Interview with Shi Chun
What are your plans after finishing your degree?
My plans are kind of fuzzy but generally in the direction of completing some personal projects while working on some freelance work and hunting for a job. Singapore’s culture does not exactly encourage taking time off for self exploration and finding one’s way in life. It is expected that one finds a job as soon as possible right after graduating so there is that constant pressure from my parents.
Bestiarum Vocabulum is such an amazingly detailed work! Can you tell us the story behind this project?
Haha thank you so much! I’ll try to keep the long story as short as possible. We were given the freedom to work on “anything we wanted” for our Year 4 Final Year Project (FYP). I simply went into it not having the slightest idea what I’ll end up with but thinking I really just wanted to draw creatures. I love fantastical creatures! Dragons, especially. It’s probably one of the few things I’ve been obsessed with since I was a kid. That said, I actually doubted my own skills for most of the FYP which had caused my mentor and I much frustration. I would describe the process of the whole project something akin to fumbling in the dark damp fog, occasionally tripping over rocks, bumping into trees and sometimes I’d spot certain sources of light only to snuff them out with my own hands. After a few months, my mentor said to me, “don’t think, just draw”. The thing was, I was afraid of the blank canvas. I was afraid that I could not live up to my expectations all the time. After that, I tried to churn out as many creatures as I dared, although not nearly enough. Months before the graduation show, my mentor told me, I should do something big but retain all the small details as I had in my A4 and A3 drawings. I wanted to reject the idea but he was right, that’d make an awesome product out of this entire project. As cheesy as it sounds, one day as I was drafting ideas for the big piece, inspiration hit me. Up til then I had been thinking of how I’d draw one creature, but what if that one creature is made up of many. Paying homage to the dragon came naturally. Piecing all the small creatures together was really a fun, irritating and rewarding experience all at the same time. After the final draft was done, all that was left was to draw it on the large canvas. At the end I hope I’ve created something that’ll inspire others as much as others have inspired me with their mind blowing works since I was young. I hope that was a good summary haha. I’ve never been that good at it in my English exam papers.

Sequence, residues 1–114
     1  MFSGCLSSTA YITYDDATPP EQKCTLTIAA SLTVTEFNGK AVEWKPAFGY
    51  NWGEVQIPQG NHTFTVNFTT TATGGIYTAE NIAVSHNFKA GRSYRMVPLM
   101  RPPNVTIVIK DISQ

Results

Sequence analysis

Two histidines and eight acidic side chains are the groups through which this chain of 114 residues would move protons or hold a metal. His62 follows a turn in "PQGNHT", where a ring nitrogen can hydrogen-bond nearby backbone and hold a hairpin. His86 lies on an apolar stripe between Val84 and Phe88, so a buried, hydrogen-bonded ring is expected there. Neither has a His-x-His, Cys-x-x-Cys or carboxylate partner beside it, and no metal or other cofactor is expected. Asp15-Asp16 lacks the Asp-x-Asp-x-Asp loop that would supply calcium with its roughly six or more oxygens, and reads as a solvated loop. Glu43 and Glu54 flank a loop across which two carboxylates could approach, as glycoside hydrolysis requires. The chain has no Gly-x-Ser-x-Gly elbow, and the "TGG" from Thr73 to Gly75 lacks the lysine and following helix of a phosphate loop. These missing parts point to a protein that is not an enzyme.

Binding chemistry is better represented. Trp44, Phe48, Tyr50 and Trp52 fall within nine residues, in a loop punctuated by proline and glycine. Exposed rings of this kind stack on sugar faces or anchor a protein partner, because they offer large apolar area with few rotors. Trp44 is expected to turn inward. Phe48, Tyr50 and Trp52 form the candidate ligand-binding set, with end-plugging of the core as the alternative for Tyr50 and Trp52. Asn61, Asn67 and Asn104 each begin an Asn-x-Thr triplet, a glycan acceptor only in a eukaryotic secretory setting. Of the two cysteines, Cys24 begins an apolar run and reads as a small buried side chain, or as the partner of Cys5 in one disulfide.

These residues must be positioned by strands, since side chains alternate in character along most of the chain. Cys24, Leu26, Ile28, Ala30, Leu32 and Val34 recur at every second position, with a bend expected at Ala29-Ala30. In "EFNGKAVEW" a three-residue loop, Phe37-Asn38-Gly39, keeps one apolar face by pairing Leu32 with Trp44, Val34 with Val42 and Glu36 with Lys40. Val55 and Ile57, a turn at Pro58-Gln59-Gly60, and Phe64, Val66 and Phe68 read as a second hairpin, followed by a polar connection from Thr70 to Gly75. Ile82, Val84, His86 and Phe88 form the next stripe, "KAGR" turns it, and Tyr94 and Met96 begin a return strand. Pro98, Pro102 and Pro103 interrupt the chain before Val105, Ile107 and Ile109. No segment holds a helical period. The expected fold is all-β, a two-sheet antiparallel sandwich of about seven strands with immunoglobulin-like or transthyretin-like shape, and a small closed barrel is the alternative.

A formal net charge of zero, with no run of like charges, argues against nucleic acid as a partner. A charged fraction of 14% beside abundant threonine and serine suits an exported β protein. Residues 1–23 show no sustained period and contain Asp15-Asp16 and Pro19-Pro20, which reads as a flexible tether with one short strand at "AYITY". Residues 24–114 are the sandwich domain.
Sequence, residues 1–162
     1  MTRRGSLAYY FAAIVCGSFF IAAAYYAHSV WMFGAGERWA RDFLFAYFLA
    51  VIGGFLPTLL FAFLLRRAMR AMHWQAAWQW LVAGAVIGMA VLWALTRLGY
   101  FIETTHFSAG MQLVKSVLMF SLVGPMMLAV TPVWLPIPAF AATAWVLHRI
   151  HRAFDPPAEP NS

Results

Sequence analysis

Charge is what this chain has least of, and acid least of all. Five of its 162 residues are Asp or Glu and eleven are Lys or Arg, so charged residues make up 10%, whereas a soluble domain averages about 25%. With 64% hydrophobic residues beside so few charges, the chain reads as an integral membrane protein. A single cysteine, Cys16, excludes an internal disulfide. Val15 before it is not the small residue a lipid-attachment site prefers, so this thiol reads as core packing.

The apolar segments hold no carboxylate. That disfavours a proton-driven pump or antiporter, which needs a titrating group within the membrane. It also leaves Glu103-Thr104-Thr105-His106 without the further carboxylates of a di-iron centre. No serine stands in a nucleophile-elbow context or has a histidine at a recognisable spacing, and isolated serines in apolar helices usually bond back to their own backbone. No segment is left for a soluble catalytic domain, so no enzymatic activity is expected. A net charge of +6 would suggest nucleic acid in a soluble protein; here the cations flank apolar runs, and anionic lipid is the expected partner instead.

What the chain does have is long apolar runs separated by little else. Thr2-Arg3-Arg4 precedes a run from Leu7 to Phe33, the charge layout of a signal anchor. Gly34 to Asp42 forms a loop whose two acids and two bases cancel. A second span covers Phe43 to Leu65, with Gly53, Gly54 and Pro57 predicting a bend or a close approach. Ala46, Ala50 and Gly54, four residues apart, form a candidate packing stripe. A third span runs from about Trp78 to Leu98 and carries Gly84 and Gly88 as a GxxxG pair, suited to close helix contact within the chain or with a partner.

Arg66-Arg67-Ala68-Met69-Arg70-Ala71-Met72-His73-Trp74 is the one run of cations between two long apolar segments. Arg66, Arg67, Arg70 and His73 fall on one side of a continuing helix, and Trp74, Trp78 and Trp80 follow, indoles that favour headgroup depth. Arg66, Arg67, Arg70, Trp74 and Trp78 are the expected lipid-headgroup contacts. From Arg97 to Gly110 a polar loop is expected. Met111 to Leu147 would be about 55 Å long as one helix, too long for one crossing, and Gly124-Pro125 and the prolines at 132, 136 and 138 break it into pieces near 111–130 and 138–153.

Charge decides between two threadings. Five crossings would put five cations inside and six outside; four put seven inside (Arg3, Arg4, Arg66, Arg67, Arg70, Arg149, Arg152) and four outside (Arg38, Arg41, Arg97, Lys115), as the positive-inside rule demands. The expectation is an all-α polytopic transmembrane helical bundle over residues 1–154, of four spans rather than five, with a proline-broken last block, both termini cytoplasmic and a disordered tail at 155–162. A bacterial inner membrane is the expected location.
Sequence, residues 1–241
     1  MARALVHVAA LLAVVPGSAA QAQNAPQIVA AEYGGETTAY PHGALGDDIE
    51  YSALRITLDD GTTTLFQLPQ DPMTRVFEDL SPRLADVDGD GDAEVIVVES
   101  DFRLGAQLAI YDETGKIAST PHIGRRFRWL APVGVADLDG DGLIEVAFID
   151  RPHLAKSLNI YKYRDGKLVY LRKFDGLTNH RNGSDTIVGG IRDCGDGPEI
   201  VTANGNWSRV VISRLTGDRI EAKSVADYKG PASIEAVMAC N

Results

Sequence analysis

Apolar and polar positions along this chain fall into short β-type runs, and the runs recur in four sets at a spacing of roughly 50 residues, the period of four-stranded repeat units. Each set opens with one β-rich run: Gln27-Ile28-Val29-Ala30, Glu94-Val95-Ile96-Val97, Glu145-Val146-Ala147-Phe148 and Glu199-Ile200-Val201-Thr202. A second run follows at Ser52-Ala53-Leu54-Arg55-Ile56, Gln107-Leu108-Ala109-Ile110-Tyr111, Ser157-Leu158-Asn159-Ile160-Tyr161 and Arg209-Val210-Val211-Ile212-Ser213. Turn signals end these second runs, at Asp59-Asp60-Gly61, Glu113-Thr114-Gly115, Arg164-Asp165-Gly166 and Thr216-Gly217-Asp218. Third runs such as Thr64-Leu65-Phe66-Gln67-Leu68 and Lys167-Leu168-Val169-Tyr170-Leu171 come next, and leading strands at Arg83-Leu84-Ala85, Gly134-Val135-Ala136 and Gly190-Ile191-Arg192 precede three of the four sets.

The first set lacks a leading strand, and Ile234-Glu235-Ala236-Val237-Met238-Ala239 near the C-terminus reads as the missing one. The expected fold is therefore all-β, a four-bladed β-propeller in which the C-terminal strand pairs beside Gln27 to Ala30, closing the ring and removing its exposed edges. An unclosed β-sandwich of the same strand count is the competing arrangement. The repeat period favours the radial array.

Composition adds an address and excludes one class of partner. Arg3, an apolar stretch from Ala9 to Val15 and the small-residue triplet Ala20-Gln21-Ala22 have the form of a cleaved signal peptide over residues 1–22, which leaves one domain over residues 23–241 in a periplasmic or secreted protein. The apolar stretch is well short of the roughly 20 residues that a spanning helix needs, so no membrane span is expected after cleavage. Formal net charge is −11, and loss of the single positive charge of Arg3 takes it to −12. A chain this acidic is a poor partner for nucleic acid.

How long did it take you to finish this?
The whole FYP was roughly 10 months long. If we’re talking about what can be seen in the final show, it’d be about 4 months from conceptualization to completion. The large drawing itself took up 2 months.
What made you pursue graphic design? Was this a childhood dream?
Honestly, graphic design was not a childhood dream. My childhood dream was to own a pet dragon, haha. My parents noted I had an interest in drawing when I was young and signed me up for weekly drawing lessons but little did they know I’ll eventually continue for roughly 7 years. My interest lies in seeing how the little strokes, lines and curves on a canvas eventually come together to form a visual that everyone can enjoy. Now will be a good time to quote the overused quote, “a picture speaks a thousand words,” that is not limited by language. Visual Communication was as close to what I can get in Singapore for a degree in something related to what I might want to do in future. I’m not strictly a graphic design or typography kind of person but I did enjoy the many things I’ve learnt in school about them. Life and art should never be restricted to just learning one’s own specific field. Learning more about graphic design and typography allowed me to appreciate what goes on inside a canvas even more and also distil the essences of the thoughts and processes behind working on visual communication projects.